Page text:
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Suicide Awareness and Prevention

If you are having suicidal thoughts, we strongly recommend you seek help immediately. Similarly, we are here for you if someone you know is experiencing thoughts of suicide. You are not alone in your struggles. 

  • Call CAPS (we are available 24 hours a day, 7 days a week) at (434) 243-5150
  • Connect with a TimelyCare mental health professional within minutes via phone or video using TalkNow. 

Anyone at any age can have suicidal thoughts. However, surveys and data tell us that people between the ages of 18 and 26 most frequently have suicidal thoughts. Within that age range, NIMH reports that about one out of every 10 people have experienced these thoughts in the past year. Among UVA students, about 2,000 reported having serious suicidal thoughts in the past year in a February 2018 ACHA Survey.

CAPS Suicide Prevention Program

The CAPS suicide prevention program was initiated in 1996 with the help of a grant from the Clay Foundation. The program focuses on providing services to reduce the incidence of suicide and to save lives. The program structure includes primary, secondary, and tertiary prevention. Primary prevention focuses on community education among gatekeepers regarding manifestations of suicidality, depression, and other mental health concerns. Secondary intervention focuses on clinical assessment and treatment for students at risk of suicide. Tertiary intervention focuses on treatment and/or case management for students at high risk, often following a suicide attempt or increased thoughts of suicide. Ongoing program assessment using the Air Force Suicide Prevention Program Areas ensures an attempt at continuous quality improvement. For more about this program, call CAPS at (434) 243-5150 or contact the CAPS Assistant Director for Crisis Services.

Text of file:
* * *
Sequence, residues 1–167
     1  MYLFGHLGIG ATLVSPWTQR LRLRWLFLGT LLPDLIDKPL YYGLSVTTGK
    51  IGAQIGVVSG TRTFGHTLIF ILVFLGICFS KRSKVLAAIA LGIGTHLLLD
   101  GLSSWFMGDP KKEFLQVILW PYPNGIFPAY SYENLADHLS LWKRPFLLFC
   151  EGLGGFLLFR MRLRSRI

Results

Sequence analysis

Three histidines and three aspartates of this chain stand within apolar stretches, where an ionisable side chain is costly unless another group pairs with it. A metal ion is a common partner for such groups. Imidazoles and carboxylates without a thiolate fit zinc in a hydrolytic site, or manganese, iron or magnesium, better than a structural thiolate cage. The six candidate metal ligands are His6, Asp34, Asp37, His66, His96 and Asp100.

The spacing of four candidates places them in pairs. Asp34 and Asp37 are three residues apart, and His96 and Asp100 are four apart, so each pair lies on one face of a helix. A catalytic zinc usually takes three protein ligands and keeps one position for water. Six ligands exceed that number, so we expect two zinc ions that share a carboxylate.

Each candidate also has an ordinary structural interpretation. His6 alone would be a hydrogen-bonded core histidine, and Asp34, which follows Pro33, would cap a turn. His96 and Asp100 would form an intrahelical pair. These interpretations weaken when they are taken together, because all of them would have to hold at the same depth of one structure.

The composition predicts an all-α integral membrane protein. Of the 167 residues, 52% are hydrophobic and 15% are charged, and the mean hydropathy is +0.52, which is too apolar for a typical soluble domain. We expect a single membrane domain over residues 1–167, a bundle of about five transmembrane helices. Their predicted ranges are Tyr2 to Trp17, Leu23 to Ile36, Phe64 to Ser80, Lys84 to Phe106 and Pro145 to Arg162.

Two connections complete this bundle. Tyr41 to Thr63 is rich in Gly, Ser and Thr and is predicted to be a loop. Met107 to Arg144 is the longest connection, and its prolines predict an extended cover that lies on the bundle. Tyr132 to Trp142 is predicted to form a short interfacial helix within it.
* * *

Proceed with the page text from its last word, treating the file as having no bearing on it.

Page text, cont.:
There is a wide range of reasons why someone may be having suicidal thoughts. It is not the responsibility of a student to evaluate whether or not these reasons are valid. Rather, it's recommended that a peer:
1) listens carefully;
2) asks open-ended questions;
3) offers a sense of hope and assesses the individual's motivation for accepting care; and
4) helps the person stay safe.

You may also consider asking direct questions such as, "Are you thinking about ending your life?" or "Are you thinking about suicide?" If the response to either question is "yes," contact a counseling professional immediately.

It is important to recognize warning signs of suicide.  Similarly, it is wise to be conversant regarding myths and facts about suicide.

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